While the future outlook is for "global headwinds and uncertainties", the true effects of these are yet to be seen. As Robertson often repeats at Question Time - the state and nature of the New Zealand economy is well poised to withstand these threats. OCR and LVRs can be adjusted as and when required.

Rbnz goal is stability in banking sector, not creating affordable housing.

In fact if capital requirements increase dec 5 our banks would be safest in world and very robust able to weather big storms. That's what rbnz cares about along with inflation and employment targeting.... not house prices being affordable for whingeing millennials (I'm a millennial so I can say that :)

Affordable house prices.... such an *unreasonable* thing to whinge about.

RBNZ setting interest rates at all time lows to stimulate house prices given its correlation to consumption. Central Banks globally killing the natural business cycle with loose monetary policy. But RBNZ putting in additional capital requirements to stem the risk & moral hazard they created... so *reasonable*.

(I'm a millenial AND a home owner, so I can say that)

Although much of their powder has already been used, with the increasing global economic headwinds, central banks seem to be of the exact same mind of applying yet again the same actions used in response to the GFC.
Whatever one thinks of this action by central banks actions; the outlook is likely to mean stimulus - in our case through further OCR cuts and loosening of LVRs - in the short to medium term and the reality of increasing house prices (despite FHB concerns) and falling TD interest rates for those (e.g. retirees) with cash. FHB and retirees with cash are going to be the casualties.
On one level we can be critical of central bank actions, but at a personal level we need to accept the likelihood and the consequences and react accordingly.
Those who post expecting falling house prices - especially in Auckland - are going to be sadly disappointed.

"Exact same mind of applying yet again the same actions used in response to the GFC."
They have never stopped responding to the GFC, that's why we're awash with liquidity.

On *many* levels we can be critical of Central Bank actions.
They've not only kicked the can down the road... they've paved more road so they can keep kicking the can.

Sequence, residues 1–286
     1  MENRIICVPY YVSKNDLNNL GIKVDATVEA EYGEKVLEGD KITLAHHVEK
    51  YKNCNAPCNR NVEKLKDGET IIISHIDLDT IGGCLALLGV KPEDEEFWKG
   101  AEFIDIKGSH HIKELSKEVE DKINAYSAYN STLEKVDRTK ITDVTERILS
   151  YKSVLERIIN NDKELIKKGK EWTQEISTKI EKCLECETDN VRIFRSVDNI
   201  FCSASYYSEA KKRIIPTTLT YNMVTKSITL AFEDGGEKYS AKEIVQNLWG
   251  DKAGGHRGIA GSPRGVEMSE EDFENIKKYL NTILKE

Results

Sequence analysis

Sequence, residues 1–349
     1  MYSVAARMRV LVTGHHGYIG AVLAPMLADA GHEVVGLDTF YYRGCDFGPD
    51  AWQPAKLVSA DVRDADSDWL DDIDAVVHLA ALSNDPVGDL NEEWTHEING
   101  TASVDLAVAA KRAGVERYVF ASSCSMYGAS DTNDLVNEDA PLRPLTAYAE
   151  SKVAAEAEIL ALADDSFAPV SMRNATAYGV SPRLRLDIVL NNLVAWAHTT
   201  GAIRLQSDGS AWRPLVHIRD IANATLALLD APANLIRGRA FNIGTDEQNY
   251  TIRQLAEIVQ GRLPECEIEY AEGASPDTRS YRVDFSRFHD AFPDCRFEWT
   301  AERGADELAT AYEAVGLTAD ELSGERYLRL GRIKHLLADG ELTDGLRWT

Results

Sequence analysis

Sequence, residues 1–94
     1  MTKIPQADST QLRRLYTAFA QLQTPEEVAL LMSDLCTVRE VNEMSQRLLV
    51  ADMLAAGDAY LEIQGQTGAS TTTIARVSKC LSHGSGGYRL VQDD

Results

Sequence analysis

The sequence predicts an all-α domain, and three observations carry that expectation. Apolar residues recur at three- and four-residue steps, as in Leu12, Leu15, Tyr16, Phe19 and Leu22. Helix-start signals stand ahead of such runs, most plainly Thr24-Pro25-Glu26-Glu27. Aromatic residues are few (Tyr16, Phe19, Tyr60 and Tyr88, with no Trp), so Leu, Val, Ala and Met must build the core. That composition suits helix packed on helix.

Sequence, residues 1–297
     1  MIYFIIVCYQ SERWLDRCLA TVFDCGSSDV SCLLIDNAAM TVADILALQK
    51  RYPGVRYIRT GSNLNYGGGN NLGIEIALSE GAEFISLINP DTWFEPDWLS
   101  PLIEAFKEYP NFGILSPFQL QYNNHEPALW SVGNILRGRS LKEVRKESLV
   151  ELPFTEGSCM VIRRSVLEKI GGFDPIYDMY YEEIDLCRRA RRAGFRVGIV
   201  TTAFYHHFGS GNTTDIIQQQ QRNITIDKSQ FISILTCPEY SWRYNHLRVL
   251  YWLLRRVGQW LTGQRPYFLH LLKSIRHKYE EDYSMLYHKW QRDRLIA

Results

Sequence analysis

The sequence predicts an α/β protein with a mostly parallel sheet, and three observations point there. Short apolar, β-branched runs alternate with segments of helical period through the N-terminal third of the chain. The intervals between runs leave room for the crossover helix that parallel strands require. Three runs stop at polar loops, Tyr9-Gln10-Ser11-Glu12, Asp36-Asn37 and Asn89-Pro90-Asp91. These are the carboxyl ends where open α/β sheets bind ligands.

So, let's accept for a moment your position that Central Banks are going to be able to continue this course ad infinitum and, as you think, this means house prices can't drop. Therefore we must accept that:
i) FHBs will increasingly be priced out of the market and ultimately completely priced out because they will never be able to build the required deposit;
ii) Same FHBs who are unsuccessful in will be paying more(?) in rent - cause rents go up ad infinitum too amirite?;
iii) Retirees will cease to consume because they will have no income;
iv) Actual growth in the, you know, real economy will continue to be muted/stagnant (why else do we have this stimulus?);
v) Not-FHBs/Renters will increasingly constitute a larger proportion on the population (see i & ii) and they'll have decreasing disposable income because a) no growth (see iv) and b) increasing accommodation costs (see ii)
vi) The stimulus will be successfully transmitted to wholesale money markets... despite the fact the 2 year swap rate has already rebounded to where it was *before* the 50bp cut.

So who TF exactly is going to be the ones paying ever increasing prices into perpetuity??

Unless they're eventually successful in spurring wage inflation.

It seems to me that the best/desired outcome is for high wage inflation (in NZD), which would require low NZD for businesses to remain internationally competitive. So - debase the currency through low interest rates. The only problem is that everyone else is doing the same thing.

If they're successful in spurring wage inflation then that's a double-edged sword.

You spur inflation then guess what, you've got to start raising rates on the Himalayan-sized debt mountain you created.

That was my thinking from a few weeks back, leave the OCR put to lower the LVR's a little

Looking at the graph, it appears the banks are already lending well less than the 20% limit for owner occupied low-LVR mortgages anyway? Assuming that graph is a showing new lending in each time period, currently they're only dishing out about 7% of their total loan book to low LVR borrowers.

Seems like the only change the RBNZ would make here is to increase the proportion of high-LVR borrowers for investment properties from 5% to 10%, but since it looks like the banks are voluntarily well under all of their limits anyway, would this actually result in any material change in lending standards whatsoever?

Unless that graph is showing all outstanding mortgage value, not just new mortgages drawndown in each time period.

Exactly. The previous relaxation of the LVR limit had little impact, I suspect any further relaxation will have similarly very little impact.

Why? RBNZ capital requirements hanging over the banks are a game changer. The big four only went bananas lending to high LVR borrowers because their internal models allowed them to treat them as low risk borrowers and allocate minimal capital to make those loans. Once banks are using the standardised model these types of loans will no longer be profitable.

Kiwibank and other NZ owned banks never lent excessively to high LVR borrowers simply because it wasn't profitable as it required high allocation of capital. The big four will be behaving similarly in the future.

Irrespect of what anyone may say but the fact is that RBNZ has given themselves a room to reduce LVR on 27th Nov (Carrot) before 7th Dec announcment

Even Labour government has realised that in NZ only ecenomy
is Housing economy.

Take it in writing that LVR will be reduced despite sign that housing market is starting to move up - end result has been decided by RBNZ and now just have to find reason for the same - justify their decession - which will be a piece of cake.

Asked whether the financial system and household sector have become more resilient since the RBNZ last reviewed LVR restrictions six months ago, Hawkesby said: (Pretty much nothing! He certainly didn't answer your question. Maybe he's going into politics?!)